Summer is here and everyone at HHSL is looking forward to the 4th of July. There are so many options for celebrating in Boston that it can be overwhelming, so we asked some staff members for their recommendations:

8974292557_575cd8ac84_zBoston (Dylan Pech)/ CC BY-NC-ND 2.0

My friends like to rent a kayak or canoe and watch the fireworks from the river!  

-Becky Philio, Library Assistant

You can reserve a boat ahead of time, if you’re feeling nautical.

7511427816_92e3b0b2b1_z4th of July 2012 in Boston (Sayamindu Dasgupta)/ CC BY SA 2.0

I like to watch the fireworks just standing on Memorial Drive. They pipe the music from the Pops along the Cambridge side of the River, so you can enjoy the spectacle without having to camp out all day for a spot on the Esplanade. 

-Katherine Morley, Administrative Coordinator

If you do decide to enjoy the Pops on the Esplanade, this handy guide has all the info you need.

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USS Constitution fires a 21-gun salute toward Fort Independence during the ship’s July 4th underway (US Navy) / CC BY 2.0

Go check out the Old Ironsides turnaround cruise. You can book a ticket on a boat that follows her around the harbor or just watch from shore as the world’s oldest commissioned warship takes her annual voyage to Castle Island. This is the year to do it, though–she’ll be undergoing restoration until 2018. 

-Becky Morin, Head of Research & Instruction.

More information here. Interested in other historical events? Here’s a big list of tours, talks, and tastings happening throughout the city this week.

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Ready to Eat (David Remsen) /CC BY NC 2.0

I’m not a native New Englander, so I was really excited last year when I was invited to a community clam bake for the 4th of July. Even though it was deathly hot (near 100 degrees F), it was really fun to celebrate with the whole neighborhood out on the rocky beach, eating all of the food everyone made. It was also really interesting to watch the evolution of the fire pit throughout the day. I’m not a big seafood eater, so I didn’t partake of the steamers and lobster, but everything looked and smelled amazing!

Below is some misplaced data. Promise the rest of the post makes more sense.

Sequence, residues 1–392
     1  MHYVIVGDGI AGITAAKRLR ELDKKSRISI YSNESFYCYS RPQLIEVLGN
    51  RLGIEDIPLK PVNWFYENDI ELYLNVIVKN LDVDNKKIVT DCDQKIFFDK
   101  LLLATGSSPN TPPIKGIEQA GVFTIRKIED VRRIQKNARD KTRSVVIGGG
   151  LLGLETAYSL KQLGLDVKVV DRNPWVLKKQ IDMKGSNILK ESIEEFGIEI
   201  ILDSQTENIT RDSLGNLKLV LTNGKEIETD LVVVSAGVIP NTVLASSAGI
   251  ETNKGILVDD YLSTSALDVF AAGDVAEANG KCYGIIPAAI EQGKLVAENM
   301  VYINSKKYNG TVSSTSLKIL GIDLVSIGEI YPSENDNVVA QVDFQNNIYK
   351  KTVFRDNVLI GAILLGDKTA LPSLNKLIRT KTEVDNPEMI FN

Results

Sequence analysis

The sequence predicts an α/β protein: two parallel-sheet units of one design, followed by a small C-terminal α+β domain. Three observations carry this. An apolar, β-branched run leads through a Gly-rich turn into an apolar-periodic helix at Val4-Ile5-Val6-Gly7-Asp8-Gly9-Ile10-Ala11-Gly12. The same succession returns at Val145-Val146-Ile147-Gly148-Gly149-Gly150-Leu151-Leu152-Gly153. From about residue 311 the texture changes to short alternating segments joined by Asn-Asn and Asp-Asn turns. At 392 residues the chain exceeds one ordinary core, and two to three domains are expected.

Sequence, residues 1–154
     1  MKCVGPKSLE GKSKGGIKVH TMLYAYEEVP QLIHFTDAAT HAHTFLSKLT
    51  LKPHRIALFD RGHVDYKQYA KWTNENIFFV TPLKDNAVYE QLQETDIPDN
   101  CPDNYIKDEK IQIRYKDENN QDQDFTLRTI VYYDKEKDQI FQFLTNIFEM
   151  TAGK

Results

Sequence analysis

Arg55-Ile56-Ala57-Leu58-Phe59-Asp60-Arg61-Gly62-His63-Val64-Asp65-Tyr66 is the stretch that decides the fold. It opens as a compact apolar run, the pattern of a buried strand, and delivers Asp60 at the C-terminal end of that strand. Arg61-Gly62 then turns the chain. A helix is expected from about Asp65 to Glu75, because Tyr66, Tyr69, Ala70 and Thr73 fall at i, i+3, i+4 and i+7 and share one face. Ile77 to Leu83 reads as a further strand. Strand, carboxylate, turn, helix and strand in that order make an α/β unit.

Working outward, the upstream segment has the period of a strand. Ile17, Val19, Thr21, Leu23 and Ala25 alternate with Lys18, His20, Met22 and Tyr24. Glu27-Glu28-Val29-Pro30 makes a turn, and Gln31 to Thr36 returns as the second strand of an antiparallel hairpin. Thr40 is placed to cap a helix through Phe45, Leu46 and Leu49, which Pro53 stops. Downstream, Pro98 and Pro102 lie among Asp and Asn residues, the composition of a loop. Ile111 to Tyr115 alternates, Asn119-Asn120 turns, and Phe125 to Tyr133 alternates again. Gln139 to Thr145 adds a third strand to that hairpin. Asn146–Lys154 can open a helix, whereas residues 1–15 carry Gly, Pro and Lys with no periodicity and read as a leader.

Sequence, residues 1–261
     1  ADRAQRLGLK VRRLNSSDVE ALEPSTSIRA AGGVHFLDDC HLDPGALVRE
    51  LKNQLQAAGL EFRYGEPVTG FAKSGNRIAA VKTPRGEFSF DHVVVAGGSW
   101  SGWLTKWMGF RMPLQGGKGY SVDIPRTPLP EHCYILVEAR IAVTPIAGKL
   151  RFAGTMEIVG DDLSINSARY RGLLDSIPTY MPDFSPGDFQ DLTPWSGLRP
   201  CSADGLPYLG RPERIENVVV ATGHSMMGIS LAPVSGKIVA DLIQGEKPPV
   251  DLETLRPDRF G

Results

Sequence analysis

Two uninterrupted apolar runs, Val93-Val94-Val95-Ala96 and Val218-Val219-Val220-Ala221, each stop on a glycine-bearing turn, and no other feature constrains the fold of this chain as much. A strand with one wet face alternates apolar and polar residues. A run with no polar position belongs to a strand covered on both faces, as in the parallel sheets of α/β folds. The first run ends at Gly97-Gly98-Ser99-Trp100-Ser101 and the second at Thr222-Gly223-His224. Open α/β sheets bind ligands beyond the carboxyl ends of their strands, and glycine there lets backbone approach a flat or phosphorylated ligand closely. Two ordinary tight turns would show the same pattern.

Katie Houk, Research & Instruction Librarian

Don’t know anyone with beach access? You can attend a clambake on Spectacle Island on the July 3rd, or any Thursday throughout the summer.

 

What’s your favorite thing to do on the 4th? Let us know!

 

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Join us Tuesday, June 17 from 12-1pm in Sackler 514 for a Lunch and Learn about the Biomedical & Life Sciences Collection from Henry Stewart Talks. The Collection, which offers over 1, 500 seminar-style talks from top researchers, is an excellent resource for teaching or CME and is available to the Tufts community through the library catalog.

Beth Cohen. Senior Account Manager and E-Learning Consultant will cover:

Henry Stewart Talks

  • A general view of e-resources and the changes taking place today
  • A detailed tour of the website, including how to use special features, functions, and services provided
  • The possibilities that exist for e-learning, using the talks in class, and embedding them in curriculum
  • How to easily integrate the talks in your virtual learning space
  • Options for earning CME credits

While the  presentation will be geared more towards faculty and staff use, students are welcome to attend. Please RSVP by June 16.

We hope to see you there! But if you can’t make it, be sure to explore the collection!

In honor of graduation on Sunday, HHSL will be closed Saturday, May 17th.

Congratulations to all of our 2014 graduates! Celebrate all of your hard work and accomplishments!

We look forward to the great work we know you will do in the future :)


graduates
The Graduates (Sakeeb Sabakka) / CC BY 2.0